You may remember a few years back when TVA, with the help of the BVI retirees group, funded the restoration of the magnificent mural at Norris Dam.
Fine arts conservator Mike Ruzga restored the artwork, painted on the wall in 1953 by TVA artist Robert Birdwell, to mint condition.
Ruzga recently went back to work on another Birdwell piece, a smaller mural placed in the Boone Dam Visitors Building in May 1955. This time, Mike’s job was not the gargantuan task of restoring a huge wall mural, riddled with drillholes and flaking paint. This time he had a much smaller assignment—cleaning off graffiti, repairing scratches and removing years of dirt.
He noted the difference such work makes.
“It’s amazing how, over time, small changes to the mural disrupts the composition,” Ruzga said. “Once cleaned and conserved, the colors and composition pull together, and reveal his original ideas, inviting one into the mural to see the finest details.”
This activity on the mural is the result of an ongoing project at Boone. Dam safety inspections discovered possible seepage at the earthen embankment of the dam in 2014, and TVA committed to fully remediate the issue. The resulting 7-year, multi-million construction project is now complete and, with the public facilities reopening on March 25, 2022, this seemed to be the perfect opportunity to refresh the mural.
When the Boone overlook originally opened in May 1955, the local newspaper reported that more than 4,000 people visited the first Sunday alone.
One of the first groups to see the painting was a group of second-graders. One remarked, “There’s Davy Crockett!” The public safety officer on-site proceeded to give the little chap a history lesson. The officer mentioned that Birdwell felt Boone Dam would be incomplete without a picture of its namesake, so he inserted Daniel Boone in the mural overlooking a frontier-era scene.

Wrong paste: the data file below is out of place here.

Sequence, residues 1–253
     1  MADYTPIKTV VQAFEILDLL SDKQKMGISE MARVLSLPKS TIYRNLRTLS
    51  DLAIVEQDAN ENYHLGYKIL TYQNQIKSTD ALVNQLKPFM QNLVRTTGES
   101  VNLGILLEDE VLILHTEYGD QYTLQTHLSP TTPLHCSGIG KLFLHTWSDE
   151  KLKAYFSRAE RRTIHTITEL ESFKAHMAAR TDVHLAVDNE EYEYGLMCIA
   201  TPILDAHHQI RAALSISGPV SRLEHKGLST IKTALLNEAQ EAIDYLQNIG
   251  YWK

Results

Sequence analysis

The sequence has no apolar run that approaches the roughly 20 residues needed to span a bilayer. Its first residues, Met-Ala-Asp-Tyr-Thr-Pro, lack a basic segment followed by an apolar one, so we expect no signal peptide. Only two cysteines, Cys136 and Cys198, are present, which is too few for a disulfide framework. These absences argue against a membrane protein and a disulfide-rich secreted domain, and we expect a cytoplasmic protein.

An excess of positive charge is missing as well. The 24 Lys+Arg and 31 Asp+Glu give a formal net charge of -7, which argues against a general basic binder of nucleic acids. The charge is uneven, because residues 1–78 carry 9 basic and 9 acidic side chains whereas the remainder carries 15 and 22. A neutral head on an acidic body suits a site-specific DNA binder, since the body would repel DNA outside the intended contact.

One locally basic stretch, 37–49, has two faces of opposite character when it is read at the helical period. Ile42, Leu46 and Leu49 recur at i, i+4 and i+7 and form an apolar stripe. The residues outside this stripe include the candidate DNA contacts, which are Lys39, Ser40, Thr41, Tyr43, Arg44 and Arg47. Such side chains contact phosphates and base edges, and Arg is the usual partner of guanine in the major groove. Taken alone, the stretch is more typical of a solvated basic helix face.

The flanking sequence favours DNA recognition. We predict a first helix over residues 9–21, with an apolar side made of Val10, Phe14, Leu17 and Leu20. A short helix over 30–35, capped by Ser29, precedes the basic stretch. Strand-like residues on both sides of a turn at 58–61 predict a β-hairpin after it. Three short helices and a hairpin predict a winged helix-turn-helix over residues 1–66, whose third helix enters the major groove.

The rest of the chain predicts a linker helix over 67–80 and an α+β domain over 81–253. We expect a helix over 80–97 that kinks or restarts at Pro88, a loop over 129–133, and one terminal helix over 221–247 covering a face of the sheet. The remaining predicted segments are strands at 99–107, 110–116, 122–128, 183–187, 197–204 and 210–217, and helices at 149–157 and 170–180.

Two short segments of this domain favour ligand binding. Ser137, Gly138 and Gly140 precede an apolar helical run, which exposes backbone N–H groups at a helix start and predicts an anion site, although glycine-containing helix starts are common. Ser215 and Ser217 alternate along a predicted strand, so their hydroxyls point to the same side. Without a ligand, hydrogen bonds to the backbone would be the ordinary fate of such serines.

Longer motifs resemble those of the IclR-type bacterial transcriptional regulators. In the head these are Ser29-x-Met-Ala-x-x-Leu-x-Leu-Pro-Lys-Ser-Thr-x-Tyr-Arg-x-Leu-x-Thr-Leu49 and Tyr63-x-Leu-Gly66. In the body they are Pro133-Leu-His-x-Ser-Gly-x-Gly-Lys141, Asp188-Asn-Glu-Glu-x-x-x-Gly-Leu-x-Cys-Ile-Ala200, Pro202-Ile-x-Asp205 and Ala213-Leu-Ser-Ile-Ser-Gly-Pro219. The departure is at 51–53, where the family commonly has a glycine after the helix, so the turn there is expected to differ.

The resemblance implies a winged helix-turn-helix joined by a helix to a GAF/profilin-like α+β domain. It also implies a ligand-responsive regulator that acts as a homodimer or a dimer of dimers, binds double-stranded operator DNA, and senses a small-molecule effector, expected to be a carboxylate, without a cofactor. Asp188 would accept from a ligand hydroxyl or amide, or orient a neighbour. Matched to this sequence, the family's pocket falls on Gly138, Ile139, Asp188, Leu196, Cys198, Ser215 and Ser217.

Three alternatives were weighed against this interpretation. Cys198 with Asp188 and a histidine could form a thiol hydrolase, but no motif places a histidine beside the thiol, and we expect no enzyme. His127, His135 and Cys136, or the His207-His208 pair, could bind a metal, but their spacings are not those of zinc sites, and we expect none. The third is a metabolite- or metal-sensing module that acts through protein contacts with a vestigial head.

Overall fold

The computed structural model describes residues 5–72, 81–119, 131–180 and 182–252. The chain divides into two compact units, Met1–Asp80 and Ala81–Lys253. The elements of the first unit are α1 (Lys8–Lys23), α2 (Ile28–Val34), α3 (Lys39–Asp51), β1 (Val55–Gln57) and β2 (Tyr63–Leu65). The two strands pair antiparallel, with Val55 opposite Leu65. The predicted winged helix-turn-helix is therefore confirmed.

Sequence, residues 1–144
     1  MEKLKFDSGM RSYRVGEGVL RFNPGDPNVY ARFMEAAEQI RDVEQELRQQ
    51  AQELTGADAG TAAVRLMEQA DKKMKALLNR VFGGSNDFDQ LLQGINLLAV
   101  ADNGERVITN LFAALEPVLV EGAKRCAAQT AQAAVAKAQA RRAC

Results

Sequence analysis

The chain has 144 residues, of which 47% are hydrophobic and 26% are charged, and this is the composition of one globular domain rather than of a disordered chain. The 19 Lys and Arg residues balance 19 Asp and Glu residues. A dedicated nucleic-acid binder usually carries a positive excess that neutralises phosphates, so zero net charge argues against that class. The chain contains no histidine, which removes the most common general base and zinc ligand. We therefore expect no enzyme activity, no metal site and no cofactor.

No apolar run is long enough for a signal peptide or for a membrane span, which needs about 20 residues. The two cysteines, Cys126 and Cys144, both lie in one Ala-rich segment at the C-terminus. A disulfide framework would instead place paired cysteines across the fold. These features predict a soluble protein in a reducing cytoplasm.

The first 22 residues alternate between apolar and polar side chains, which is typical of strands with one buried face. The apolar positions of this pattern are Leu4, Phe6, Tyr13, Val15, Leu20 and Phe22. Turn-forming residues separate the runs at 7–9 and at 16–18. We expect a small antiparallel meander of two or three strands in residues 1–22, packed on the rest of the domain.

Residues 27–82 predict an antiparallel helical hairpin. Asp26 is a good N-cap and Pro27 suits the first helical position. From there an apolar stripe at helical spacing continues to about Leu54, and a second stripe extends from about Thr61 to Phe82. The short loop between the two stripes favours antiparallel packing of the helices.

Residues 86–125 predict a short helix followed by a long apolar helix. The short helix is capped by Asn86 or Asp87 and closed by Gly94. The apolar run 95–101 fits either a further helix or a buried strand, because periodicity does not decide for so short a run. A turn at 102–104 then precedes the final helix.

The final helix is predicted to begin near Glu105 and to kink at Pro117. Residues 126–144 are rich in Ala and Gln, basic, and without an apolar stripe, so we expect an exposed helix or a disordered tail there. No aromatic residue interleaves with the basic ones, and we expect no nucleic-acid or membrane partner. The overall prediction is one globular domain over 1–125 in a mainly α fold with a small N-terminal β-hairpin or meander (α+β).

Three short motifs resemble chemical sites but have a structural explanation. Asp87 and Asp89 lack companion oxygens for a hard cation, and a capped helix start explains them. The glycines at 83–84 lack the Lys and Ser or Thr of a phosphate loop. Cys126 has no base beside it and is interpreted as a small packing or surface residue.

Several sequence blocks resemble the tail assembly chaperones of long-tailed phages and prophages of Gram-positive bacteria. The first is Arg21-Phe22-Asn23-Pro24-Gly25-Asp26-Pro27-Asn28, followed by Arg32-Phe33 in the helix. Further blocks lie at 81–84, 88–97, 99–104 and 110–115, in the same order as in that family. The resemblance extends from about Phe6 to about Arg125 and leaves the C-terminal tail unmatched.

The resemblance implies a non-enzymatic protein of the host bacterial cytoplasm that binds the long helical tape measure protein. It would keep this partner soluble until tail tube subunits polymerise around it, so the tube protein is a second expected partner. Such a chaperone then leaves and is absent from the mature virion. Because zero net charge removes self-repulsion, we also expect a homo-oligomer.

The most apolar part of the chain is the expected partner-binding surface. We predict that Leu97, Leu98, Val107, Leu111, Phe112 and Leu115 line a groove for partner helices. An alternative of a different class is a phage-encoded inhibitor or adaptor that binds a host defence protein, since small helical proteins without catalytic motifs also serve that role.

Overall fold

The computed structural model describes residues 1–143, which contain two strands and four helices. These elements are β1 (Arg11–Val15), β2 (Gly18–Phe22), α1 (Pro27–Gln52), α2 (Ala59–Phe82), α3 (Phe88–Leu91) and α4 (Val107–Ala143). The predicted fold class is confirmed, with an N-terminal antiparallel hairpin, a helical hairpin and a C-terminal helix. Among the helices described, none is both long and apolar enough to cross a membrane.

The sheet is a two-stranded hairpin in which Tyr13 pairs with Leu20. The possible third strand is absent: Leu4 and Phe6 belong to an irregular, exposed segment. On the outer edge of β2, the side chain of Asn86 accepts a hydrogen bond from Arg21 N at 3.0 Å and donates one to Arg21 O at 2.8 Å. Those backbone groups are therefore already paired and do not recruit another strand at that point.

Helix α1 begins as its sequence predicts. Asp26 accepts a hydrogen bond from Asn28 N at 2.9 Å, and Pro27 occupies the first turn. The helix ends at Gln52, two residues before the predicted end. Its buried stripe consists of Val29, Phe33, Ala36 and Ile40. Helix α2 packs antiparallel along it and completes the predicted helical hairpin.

As the painting advances in time, the artist provided a representation of 1955-era TVA. It shows a modern field engineer overlooking construction activity—dams, fossil plants, and navigation and recreation scenes.
By all accounts, it is a wonderful work of public art. Measuring 3.5 by 12 feet, it hangs in the Boone overlook, where it has been stationed since 1955.
Prior to the COVID-19 pandemic, TVA’s historian, Pat Ezzell, commissioned Ruzga to conduct a condition assessment of artwork currently housed in TVA’s facilities.
He noted in his assessment that the Boone mural had several areas of macro flaking paint and paint layer losses, graffiti scratches, tide line vertical drips and shallow gouges. While the work sounds fairly technical, it took Ruzga just three days in mid-April to get the mural looking as good as new.
“These pieces of public art are important—not only do they contribute to the historical significance of each facility, but they also tell TVA’s story visually,” Ezzell said.
She went on to say the works are important in their own right because of who painted them.
Birdwell, who attended high school in the Tri-Cities region, went on to earn a Fine Arts degree in 1950 from the University of Tennessee and went to work at TVA shortly thereafter. His many TVA murals and independent works are well known, and this particular painting gives observers an idea of the grandeur of upper east Tennessee and southwest Virginia.
TVA staff artist, Robert Birdwell, created striking murals for several TVA facilities in the 1950s. Learn more about Birdwell and his mural at Fort Patrick Henry Dam.
Birdwell's mural at the Norris Dam visitor center is a stunning vision of the Tennessee Valley. See before and after photos of its dramatic restoration and learn more about the conservation process.